Russia, Undaunted by Furor Over a 4-Year-Old’s Death, Strikes More Civilian Centers in Ukraine
Iryna Dmytriyeva posted a video early Thursday of her 4-year-old daughter, Liza, wearing green sneakers and happily pushing a pink stroller, as they walked in the central Ukrainian town of Vinnytsia. Soon afterward, Russian missiles struck.
Ukrainian officials confirmed on Friday that Liza was among 23 people killed in a Russian strike Thursday that left her mother in critical condition, as social media images of their lives and her final moments captured global attention and punched through the too-familiar drumbeat of daily violence in Moscow’s nearly five-month war.
Ms. Dmytriyeva and her daughter had an appointment that morning with a speech therapist who had taught Liza, who had Down syndrome, how to pronounce her first words. Soon after Ms. Dmytriyeva posted the video on Instagram, a volley of Russian missiles struck the heart of the city, hitting a shopping mall, a dance studio and a center for children with neurological disabilities.
Photos shared online by Ukraine’s State Emergency Service and verified by The New York Times appeared to show Liza’s lifeless body next to the overturned stroller, which was spattered with blood.
A spokesman for the Security Service of Ukraine in Vinnytsia, Denys Zakabluk, confirmed in a telephone interview that Liza had died.
As Ms. Dmytriyeva recovered in a hospital — among the 80 people who were treated for injuries in the attack, Ukrainian officials said — her story and the bond with her daughter, painstakingly chronicled on her Instagram account, served as searing reminders of the toll that indiscriminate Russian attacks are exacting on Ukrainian civilians.
Ms. Dmytriyeva’s Instagram feed was a running testament to her love for Liza, traced through posts depicting milestones, struggles and words of encouragement for other parents.
“You must educate yourself. The more resources parents have, the more the child receives,” she wrote in a post the day before the attack. “Make your own dreams come true!”
Ms. Dmytriyeva moved with Liza from the capital, Kyiv, to Vinnytsia earlier this year, and signed her up for speech therapy classes at a center called Logoclub. Always smiling, Liza earned the nickname “Sunny Flower” at the center, her therapist, Alyona Korol, said in an interview.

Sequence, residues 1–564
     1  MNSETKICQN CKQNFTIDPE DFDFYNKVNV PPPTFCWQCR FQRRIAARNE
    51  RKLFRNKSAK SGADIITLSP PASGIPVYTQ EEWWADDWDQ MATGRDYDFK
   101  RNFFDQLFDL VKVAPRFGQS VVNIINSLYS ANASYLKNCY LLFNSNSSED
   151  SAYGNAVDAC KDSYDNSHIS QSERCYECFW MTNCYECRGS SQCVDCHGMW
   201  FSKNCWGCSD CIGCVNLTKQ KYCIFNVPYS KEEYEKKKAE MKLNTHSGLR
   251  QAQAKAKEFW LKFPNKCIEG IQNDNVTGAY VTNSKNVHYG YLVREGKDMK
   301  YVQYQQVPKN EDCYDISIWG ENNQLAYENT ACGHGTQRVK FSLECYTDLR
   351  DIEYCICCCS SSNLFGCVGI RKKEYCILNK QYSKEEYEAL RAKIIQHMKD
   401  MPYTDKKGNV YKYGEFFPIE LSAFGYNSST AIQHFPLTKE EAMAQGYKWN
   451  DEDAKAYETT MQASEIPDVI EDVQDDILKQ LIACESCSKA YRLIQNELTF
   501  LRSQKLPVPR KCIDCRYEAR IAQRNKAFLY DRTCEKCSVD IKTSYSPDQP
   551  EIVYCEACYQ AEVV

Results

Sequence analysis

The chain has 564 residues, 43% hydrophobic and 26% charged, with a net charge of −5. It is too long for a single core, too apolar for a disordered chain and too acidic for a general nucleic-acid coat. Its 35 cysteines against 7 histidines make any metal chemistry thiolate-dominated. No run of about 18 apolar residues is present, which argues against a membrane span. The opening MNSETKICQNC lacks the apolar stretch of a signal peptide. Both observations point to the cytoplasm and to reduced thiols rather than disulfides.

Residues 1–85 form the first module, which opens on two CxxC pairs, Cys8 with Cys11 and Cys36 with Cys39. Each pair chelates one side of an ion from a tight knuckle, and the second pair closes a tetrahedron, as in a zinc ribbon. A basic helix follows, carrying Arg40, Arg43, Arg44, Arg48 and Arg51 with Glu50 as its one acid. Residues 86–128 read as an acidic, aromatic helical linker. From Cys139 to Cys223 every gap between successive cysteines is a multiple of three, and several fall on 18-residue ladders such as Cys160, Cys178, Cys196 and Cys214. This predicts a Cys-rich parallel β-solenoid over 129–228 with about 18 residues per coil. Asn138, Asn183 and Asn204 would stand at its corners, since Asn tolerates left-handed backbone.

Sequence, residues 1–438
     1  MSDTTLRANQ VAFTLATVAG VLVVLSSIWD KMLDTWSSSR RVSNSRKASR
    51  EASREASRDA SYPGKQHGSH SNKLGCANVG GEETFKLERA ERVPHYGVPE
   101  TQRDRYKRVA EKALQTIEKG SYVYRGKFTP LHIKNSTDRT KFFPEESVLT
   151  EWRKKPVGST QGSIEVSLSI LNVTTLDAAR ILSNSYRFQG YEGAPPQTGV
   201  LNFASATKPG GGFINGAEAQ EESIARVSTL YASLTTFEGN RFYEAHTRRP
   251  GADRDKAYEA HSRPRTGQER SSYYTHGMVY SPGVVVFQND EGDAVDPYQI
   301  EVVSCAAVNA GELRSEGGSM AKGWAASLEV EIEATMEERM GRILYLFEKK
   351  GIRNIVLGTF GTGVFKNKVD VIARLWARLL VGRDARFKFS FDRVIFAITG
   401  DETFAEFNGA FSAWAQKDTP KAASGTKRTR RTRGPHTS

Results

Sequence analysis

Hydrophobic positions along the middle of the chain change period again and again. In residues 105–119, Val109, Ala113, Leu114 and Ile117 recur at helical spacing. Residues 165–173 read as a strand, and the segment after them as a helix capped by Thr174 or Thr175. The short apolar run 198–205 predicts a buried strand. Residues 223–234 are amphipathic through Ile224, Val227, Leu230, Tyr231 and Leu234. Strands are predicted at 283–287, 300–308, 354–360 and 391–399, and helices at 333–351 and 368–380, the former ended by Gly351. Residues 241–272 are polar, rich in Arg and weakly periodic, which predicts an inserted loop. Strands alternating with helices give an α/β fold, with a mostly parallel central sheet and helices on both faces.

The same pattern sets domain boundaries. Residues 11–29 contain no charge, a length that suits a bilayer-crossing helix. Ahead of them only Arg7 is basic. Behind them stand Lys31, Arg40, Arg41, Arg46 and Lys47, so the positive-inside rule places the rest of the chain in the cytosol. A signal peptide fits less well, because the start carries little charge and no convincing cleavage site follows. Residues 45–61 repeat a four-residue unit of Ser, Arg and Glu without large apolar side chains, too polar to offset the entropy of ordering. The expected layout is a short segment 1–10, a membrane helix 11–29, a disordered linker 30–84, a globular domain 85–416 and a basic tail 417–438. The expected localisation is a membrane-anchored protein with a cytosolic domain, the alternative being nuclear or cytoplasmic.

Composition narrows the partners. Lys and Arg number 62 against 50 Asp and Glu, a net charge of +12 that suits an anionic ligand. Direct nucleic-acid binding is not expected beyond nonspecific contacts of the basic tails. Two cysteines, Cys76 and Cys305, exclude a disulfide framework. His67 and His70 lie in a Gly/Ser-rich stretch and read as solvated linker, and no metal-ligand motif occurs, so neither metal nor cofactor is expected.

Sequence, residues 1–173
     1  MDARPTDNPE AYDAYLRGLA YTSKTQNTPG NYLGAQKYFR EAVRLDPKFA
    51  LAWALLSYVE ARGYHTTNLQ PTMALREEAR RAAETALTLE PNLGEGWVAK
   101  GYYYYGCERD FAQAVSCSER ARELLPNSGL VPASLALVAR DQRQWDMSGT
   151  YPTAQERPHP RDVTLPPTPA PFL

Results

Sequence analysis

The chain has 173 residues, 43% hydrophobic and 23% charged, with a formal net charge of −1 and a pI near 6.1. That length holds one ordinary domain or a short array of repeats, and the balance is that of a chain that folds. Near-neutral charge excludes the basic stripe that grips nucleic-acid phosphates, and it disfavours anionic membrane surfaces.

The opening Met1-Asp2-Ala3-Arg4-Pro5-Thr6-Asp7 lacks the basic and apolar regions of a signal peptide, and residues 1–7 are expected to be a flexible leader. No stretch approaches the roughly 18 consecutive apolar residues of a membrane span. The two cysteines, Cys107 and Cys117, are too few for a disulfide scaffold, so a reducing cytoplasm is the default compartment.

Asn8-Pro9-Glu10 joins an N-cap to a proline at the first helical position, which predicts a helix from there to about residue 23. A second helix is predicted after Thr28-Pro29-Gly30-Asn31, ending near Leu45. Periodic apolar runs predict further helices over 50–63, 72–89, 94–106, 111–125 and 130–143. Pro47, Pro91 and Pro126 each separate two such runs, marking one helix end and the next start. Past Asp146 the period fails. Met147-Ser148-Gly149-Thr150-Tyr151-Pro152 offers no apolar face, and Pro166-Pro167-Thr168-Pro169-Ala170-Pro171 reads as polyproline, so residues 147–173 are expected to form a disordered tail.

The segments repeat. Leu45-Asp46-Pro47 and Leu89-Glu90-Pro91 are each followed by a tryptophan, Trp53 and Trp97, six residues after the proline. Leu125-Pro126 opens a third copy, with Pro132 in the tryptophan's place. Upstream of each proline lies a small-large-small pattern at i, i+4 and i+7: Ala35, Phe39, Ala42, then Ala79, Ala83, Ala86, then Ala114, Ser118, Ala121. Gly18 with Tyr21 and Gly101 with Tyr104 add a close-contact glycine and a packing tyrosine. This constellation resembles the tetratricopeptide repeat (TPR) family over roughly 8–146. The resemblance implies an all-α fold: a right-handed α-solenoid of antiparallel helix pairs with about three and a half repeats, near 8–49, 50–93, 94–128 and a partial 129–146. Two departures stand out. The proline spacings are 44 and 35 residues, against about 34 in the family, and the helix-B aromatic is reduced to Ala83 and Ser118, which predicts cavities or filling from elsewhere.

As news of the Russian attack reverberated worldwide on Thursday, Ms. Korol said she noticed a familiar pair of green sneakers in photos from the scene.
“When I saw those shoes, I recognized them,” Ms. Korol said. “I knew it was our Liza.”
Images of the sneakers and stroller, which started circulating on social media in the hours after the attack, were held up by Ukraine’s leaders as an example of Russia’s disregard for civilian lives.
Ukraine’s first lady, Olena Zelenska, said in a Twitter post on Friday that she recognized Liza from a Christmas video she had filmed with children in 2021. “The little girl managed to paint with dye not only herself, her dress, but also all the other children, me, the cameramen and the director just in half an hour,” she wrote, sharing the video. “Look at her, alive, please.”
President Volodymyr Zelensky said in his evening address, “The child was four years old!” and accused Russia of a litany of atrocities.
“No other state in the world allows itself to destroy peaceful cities and ordinary human life with cruise missiles and rocket artillery every day,” he said.
Russia has claimed that it only strikes locations of military value — even though some, like Vinnytsia, are hundreds of miles from the front lines in eastern and southern Ukraine. In a statement on Friday, Russia’s Defense Ministry said it had targeted an office building in Vinnytsia where members of the Ukrainian Armed Forces were meeting with “representatives of foreign armament suppliers,” adding that the attack resulted in the “elimination of the conference participants.” Its account could not be verified.
On Friday, people placed flowers and a teddy bear at the site where Liza was killed. An outpouring of grief filled social media. A support group that helps connect families of children with Down syndrome posted updates on Ms. Dmytriyeva’s condition on Facebook and a link to a fund-raiser for the family.
“Today, our hearts are bleeding and our eyes are full of tears, because our multi-thousand family has lost one of ‘its own’,” the post read. “They just found themselves in the wrong place at the wrong time.”